When I was a child, my parents had two radios in our apartment in a small town in Southern Bohemia. The radio in the bedroom was a big traditional radio with four beautifully glowing vacuum tubes that I could see and occasionally spend some time admiring, when I removed the back cover from it. My father told me that the big radio was quite expensive when he bought in the 1950s. The other radio was called rozhlas po drátě, which in Czech means, “radio by wire”. The radio by wire was a smallish, dark-brown, rectangular box connected with a very narrow wire sheathed in white plastic to a socket in the wall. Unlike with the big radio, its reception was always perfect, although you could not turn the big speaker encased in it up very loud.
Most apartments came with the little sockets in the walls in several rooms for connecting rozhlas po drátě to the convenient sockets back then, the way most American houses are now prewired for cable TV.
Up until about the age of 11, which would make it 1963, I was not really interested in the bigger radio. It had several wavelength bands in it for long waves, mediums waves, and short waves (there was no FM yet when the radio was manufactured), because you had to hunt for different stations on it, almost all in foreign languages.
I was perfectly happy with my smaller dark-brown radio in the kitchen. It was easy to turn on, it didn’t even need electricity and I knew that at 3 PM there would be an hour of brass band music, which was tolerable. Then in the evening there was a short fairytale for children being put to bed, enjoyable at any age, and in the evening they would have on a block of popular music with my favorite singers, like Milan Chladil and Ivetta Simonová, or Karel Gott.
Because we had a big sofabed in the kitchen, sometimes I preferred to lie there listening to “the radio by wire” until I fell asleep. It did not really bother me that I was able to listen only to one station because there were many different programming blocks on it, some of which I liked, some of which I listened to only once and never again.
But when the Beatles’ sound hit the world in 1963, the problem was, I could find them on several stations on the big radio in the bedroom, but never on the radio by wire. So I stopped listening to the radio in the kitchen and started instead spending long hours listening to the big radio in the bedroom, sprawled on the bed like a lazy dog, with a pillow under my head, sometimes looking at the strange, illuminated names of cities on the radio dial, names like Wien, Hilversum, or Milano, sometimes with my eyes closed, dreaming about the different worlds behind those strange names … and a few other things too, after about the age of 15.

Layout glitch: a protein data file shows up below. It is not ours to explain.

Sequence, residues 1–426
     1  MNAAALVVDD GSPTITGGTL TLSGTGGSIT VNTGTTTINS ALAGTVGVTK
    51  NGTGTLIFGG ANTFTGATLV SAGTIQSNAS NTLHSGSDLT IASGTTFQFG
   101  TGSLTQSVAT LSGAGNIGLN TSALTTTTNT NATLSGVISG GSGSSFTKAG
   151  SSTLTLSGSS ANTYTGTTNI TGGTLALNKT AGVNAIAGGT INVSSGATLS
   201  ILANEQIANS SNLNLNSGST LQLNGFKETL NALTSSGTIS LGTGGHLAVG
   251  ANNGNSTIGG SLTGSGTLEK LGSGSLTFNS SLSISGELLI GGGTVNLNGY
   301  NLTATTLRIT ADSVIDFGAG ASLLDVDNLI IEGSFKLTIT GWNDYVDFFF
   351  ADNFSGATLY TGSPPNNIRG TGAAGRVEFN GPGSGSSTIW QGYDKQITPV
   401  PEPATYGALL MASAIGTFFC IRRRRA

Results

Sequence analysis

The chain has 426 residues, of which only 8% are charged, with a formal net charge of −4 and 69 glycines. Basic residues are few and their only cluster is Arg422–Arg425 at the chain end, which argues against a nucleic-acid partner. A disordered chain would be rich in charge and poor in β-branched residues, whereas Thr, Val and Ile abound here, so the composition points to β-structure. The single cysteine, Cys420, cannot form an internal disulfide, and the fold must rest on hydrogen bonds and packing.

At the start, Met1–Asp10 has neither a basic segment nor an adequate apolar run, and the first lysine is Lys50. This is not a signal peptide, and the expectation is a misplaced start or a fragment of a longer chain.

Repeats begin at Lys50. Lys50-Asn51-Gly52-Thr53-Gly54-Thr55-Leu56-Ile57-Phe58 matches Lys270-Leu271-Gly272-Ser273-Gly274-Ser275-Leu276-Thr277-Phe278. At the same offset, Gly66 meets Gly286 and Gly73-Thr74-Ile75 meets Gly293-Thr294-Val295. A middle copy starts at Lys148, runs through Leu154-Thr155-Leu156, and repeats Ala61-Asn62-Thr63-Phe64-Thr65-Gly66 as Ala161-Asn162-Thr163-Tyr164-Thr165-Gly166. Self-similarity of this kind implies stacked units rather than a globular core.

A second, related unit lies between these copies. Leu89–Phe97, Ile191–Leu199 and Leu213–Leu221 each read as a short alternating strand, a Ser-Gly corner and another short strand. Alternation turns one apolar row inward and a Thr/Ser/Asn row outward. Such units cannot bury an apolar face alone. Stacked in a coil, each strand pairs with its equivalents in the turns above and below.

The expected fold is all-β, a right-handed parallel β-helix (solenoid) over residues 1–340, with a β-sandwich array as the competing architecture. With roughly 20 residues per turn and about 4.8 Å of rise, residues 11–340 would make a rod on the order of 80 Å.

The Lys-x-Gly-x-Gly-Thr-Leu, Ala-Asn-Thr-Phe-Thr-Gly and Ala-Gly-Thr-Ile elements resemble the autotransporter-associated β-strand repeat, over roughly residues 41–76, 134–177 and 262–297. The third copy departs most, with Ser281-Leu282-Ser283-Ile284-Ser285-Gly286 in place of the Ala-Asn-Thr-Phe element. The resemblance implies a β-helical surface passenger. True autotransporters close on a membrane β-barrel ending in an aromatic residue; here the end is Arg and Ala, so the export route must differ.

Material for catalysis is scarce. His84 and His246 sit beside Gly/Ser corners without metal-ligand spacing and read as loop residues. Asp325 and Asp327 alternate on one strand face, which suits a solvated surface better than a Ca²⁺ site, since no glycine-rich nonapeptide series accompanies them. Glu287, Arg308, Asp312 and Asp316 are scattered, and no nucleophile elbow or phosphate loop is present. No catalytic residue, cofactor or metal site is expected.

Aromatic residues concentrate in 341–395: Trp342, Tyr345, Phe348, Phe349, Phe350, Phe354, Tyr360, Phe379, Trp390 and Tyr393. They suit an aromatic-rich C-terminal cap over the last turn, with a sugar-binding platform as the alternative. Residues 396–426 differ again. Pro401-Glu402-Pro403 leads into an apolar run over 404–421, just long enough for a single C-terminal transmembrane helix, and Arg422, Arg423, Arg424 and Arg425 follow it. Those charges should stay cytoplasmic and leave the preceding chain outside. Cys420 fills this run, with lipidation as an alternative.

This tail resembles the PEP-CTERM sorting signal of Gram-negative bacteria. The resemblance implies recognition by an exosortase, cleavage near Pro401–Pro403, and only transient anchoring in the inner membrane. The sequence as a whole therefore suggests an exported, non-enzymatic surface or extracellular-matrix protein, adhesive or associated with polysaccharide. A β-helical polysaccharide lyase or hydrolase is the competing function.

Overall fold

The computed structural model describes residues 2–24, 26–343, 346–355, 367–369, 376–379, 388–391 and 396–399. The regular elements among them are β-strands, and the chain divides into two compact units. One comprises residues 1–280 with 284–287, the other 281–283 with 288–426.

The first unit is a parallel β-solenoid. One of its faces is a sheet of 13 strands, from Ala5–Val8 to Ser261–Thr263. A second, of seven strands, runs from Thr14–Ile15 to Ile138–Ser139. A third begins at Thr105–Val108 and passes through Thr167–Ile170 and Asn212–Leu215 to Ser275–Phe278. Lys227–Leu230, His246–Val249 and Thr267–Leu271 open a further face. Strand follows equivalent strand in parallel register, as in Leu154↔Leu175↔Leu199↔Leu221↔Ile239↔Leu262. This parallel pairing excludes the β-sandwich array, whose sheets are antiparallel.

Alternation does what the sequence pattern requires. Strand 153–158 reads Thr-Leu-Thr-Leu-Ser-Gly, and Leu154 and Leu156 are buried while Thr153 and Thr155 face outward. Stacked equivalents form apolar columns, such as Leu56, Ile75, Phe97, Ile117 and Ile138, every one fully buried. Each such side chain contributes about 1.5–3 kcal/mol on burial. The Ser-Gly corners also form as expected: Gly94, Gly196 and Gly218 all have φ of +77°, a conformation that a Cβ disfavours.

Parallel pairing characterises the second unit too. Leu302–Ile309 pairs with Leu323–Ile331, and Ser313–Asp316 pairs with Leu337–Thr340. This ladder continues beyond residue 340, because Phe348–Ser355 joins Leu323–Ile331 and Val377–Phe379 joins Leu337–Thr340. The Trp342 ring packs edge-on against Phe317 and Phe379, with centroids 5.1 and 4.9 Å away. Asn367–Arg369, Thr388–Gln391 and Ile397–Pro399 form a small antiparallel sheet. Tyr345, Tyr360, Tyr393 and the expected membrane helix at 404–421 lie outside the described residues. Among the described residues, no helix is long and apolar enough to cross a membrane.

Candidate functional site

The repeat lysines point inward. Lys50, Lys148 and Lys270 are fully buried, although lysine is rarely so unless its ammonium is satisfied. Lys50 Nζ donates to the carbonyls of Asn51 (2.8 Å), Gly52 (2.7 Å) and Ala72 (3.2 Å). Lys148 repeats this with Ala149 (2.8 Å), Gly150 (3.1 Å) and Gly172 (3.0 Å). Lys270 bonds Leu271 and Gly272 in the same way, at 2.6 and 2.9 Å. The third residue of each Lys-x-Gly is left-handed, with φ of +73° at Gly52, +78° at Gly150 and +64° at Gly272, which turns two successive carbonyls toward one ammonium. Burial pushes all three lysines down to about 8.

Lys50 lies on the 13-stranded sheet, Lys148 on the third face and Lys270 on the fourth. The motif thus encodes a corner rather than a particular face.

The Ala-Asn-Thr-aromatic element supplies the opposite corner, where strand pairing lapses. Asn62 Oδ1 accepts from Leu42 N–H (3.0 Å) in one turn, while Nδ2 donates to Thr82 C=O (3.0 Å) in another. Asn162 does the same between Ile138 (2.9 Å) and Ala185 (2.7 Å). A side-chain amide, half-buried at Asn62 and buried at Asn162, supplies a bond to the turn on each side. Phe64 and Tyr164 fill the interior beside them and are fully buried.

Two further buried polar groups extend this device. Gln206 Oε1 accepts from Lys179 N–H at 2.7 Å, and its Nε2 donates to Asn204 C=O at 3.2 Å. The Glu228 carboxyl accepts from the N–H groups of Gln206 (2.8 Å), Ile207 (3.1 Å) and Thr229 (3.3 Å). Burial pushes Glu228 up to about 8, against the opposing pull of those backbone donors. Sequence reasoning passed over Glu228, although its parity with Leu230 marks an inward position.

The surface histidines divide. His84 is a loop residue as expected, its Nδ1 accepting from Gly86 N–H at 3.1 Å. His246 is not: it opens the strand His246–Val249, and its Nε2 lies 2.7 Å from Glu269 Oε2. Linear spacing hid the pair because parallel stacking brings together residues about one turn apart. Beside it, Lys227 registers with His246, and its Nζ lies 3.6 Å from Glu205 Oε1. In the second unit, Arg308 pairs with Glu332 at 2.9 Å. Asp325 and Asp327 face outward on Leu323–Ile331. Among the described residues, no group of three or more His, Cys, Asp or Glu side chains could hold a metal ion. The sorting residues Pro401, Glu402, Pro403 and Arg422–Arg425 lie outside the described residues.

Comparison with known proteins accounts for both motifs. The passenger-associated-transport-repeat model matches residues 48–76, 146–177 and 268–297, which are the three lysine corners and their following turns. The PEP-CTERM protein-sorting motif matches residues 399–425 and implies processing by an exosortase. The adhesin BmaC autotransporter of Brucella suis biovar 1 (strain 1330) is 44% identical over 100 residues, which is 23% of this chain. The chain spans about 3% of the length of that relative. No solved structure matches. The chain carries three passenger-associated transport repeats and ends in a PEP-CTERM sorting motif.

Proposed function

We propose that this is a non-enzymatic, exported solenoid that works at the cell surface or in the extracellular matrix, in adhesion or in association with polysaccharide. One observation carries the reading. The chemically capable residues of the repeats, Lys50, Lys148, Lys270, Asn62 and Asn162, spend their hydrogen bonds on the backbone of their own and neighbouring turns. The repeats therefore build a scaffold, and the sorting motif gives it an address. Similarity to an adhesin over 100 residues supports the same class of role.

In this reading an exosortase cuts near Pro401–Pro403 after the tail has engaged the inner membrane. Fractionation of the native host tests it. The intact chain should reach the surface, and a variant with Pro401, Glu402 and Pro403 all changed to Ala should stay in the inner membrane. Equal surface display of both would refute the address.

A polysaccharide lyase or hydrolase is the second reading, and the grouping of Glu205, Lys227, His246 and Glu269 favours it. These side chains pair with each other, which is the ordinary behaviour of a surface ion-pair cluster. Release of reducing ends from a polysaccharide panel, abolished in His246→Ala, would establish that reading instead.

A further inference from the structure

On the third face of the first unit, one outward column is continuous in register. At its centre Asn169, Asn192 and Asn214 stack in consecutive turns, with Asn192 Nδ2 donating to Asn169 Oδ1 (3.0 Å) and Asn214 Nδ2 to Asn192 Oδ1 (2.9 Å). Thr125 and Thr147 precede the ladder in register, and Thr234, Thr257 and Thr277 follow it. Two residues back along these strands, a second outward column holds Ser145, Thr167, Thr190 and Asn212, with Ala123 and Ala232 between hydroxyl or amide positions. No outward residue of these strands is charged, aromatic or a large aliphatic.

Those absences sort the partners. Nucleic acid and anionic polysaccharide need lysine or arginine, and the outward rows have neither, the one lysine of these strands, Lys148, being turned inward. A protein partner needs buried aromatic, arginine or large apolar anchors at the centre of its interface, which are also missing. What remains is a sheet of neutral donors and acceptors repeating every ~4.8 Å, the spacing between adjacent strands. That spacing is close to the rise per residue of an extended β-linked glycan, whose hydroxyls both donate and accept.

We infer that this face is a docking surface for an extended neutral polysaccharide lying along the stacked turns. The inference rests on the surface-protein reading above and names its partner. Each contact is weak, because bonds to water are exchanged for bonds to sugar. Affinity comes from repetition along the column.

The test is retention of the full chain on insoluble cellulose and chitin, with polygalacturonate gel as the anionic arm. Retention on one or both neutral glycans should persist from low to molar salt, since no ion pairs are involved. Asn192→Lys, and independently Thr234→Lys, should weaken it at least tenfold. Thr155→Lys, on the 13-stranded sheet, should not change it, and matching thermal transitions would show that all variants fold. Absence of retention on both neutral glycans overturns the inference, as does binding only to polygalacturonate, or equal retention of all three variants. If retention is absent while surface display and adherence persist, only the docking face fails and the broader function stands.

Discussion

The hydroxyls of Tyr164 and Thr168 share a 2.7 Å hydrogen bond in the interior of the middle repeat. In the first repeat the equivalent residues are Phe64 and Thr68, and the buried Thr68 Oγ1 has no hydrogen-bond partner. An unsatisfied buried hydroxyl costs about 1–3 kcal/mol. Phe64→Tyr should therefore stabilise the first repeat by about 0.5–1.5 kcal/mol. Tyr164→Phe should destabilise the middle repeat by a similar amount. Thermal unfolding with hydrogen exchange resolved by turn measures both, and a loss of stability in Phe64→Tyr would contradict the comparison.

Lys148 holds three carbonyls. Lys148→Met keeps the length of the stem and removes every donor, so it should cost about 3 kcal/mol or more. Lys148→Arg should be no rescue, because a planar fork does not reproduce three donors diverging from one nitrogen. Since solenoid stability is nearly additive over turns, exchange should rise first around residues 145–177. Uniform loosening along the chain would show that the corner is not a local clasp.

Like millions of other teenagers in the 1960s in many countries, eventually I became quite an expert on rock ‘n’ roll music, although at first I did not understand the words of the songs since I did not speak any of the languages in which they were sung: mostly English, once in a while in French or Italian.
On one spot on medium waves, and also on one spot on the short and one on the long wave frequency, I heard a strange, monotonous, bubbly noise, that to me sounded at first kind of cool. I imagined that it was the noise a spaceship makes traveling through space… (it did sound like that, I thought). Anyway, that was my first explanation for it at the age of about nine. It sounded a little bit like modern car alarm, but more full and solid.
Eventually I discovered that it was no spaceship at all, and that in fact, the strange bubbly noise was jamming, or an attempt by the people who put together the programs on the little radio in the kitchen (the one that was so easy to use and did not even use electricity to operate), to jam some of the programs that one could hear only on the big radio in the bedroom.
For whatever reasons, the people who prepared the programs on the radio by wire did not seem to like the Beatles, or the Rolling Stones, or Diana Ross, or Jimmi Hendrix or Otis Redding, or any of the other musicians I liked to listen to.